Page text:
We have been researching new mask blank materials for the next generation lithography (NGL) and developed a new mask blank with low-k phase shifter [1] [2]. The low-k phase shifter consists of only Si and N. In our previous work, we reported the advantages of developed SiN phase shift mask (PSM) [2]. It showed high lithographic performance and high durability against ArF excimer laser as well as against cleaning. In this report, we further verified its high lithographic performance on several types of device pattern. The SiN PSM had high lithographic performance compared with conventional 6% MoSi PSM. Exposure latitude (EL) and mask enhancement factor (MEEF) were especially improved on originally designed Gate, Metal and Via patterns.
Coronagraph-Integrated Wavefront Sensing with a Sparse Aperture Mask
Subedi, Hari; Kasdin, N Jeremy; Cavanagh, Kathleen; Riggs, A J Eldorado
2015-01-01
Stellar coronagraph performance is highly sensitive to optical aberrations. In order to effectively suppress starlight for exoplanet imaging applications, low-order wavefront aberrations entering a coronagraph such as tip-tilt, defocus and coma must be determined and compensated. Previous authors have established the utility of pupil-plane masks (both non-redundant/sparse-aperture and generally asymmetric aperture masks) for wavefront sensing. Here we show how a sparse aperture mask (SAM) can be integrated with a coronagraph to measure low-order, differential phase aberrations. Starlight rejected by the coronagraph's focal plane stop is collimated to a relay pupil, where the mask forms an interference fringe pattern on a subsequent detector. Our numerical Fourier propagation models show that the information encoded in the fringe intensity distortions is sufficient to accurately discriminate and estimate Zernike phase modes extending from tip-tilt up to radial degree $n=5$, with amplitude up to $\\lambda/20$ RM...
Kuldne Mask Tallinnasssssss! / Sergei Zhenovatsh ; interv. Hellar Bergmann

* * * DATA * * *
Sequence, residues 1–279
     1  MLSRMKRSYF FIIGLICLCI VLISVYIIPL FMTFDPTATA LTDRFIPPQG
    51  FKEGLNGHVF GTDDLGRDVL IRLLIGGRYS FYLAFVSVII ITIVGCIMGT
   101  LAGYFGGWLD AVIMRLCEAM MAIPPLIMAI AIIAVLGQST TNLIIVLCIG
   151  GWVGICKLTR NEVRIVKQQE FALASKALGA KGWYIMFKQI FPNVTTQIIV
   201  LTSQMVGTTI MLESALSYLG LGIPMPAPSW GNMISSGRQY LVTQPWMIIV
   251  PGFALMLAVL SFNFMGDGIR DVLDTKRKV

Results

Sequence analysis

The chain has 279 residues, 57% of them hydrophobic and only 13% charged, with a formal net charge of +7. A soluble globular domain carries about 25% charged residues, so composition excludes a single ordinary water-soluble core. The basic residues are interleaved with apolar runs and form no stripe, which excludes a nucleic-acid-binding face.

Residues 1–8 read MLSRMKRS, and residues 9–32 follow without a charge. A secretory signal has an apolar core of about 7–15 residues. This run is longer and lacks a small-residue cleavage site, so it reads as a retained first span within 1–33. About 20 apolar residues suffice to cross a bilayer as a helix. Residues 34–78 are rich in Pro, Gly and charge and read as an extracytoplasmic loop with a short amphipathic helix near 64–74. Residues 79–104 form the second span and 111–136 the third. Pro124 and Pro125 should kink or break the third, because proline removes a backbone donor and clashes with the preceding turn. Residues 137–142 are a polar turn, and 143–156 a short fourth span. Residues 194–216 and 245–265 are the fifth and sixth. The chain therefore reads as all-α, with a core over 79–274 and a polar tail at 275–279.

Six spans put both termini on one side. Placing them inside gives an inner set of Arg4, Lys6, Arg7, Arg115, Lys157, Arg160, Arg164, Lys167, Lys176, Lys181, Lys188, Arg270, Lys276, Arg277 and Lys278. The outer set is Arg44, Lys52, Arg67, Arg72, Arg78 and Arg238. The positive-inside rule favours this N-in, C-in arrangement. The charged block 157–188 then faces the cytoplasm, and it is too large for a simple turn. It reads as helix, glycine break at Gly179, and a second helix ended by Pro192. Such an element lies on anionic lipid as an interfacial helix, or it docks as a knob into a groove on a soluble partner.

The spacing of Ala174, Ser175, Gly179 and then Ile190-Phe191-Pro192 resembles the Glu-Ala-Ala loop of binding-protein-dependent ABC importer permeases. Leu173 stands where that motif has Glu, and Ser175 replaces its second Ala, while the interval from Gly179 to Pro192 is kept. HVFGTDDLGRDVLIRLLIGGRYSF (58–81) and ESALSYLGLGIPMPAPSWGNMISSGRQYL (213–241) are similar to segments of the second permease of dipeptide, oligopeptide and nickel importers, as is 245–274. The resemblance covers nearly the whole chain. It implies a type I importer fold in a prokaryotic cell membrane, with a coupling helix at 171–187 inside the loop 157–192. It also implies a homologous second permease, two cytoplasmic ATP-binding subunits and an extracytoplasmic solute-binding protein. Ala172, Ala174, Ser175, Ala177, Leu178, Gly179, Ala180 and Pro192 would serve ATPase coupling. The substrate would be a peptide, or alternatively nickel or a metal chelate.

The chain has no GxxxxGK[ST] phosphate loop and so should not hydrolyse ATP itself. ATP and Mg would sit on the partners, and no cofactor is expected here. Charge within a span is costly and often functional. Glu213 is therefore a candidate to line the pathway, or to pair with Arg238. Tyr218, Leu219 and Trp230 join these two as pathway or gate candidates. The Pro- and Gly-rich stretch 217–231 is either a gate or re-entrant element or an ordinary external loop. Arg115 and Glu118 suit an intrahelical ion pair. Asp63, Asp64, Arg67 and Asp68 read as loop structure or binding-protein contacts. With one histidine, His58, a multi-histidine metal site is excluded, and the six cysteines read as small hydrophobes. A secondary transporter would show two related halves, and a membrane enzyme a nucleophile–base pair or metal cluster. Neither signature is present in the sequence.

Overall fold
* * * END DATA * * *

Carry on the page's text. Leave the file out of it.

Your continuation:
Zhenovatsh, Sergei
2008-01-01
Lavastaja Sergei Zhenovatsh oma Teatrikunsti Stuudiost, noortest näitlejatest, Eestist. Lavastaja on Eestis teatrifestivali "Kuldne mask Eestis" raames. 10.-11. okt. etendus Tallinnas, Salme Kultuurikeskuses Nikolai Gogoli näidend "Mängurid"
The effect of masking in the attentional dwell time paradigm
Petersen, Anders
2009-01-01
A temporary functional blindness to the second of two spatially separated targets has been identified in numerous studies of temporal visual attention. This effect is known as attentional dwell time and is maximal 200 to 500 ms after presentation of the first target (e.g. Duncan, Ward, Shapiro......, 1994). In most studies of attentional dwell time, two masked targets have been used. Moore et al. (1996) have criticised the masking of the first target when measuring the attentional dwell time, finding a shorter attentional dwell time when the first mask was omitted. In the presented work, the effect...... an impairment of the second target. Hence, the attentional dwell time may be a combined effect arising from attending to both the first target and its mask....
Improve mask inspection capacity with Automatic Defect Classification (ADC)
Wang, Crystal; Ho, Steven; Guo, Eric; Wang, Kechang; Lakkapragada, Suresh; Yu, Jiao; Hu, Peter; Tolani, Vikram; Pang, Linyong
2013-09-01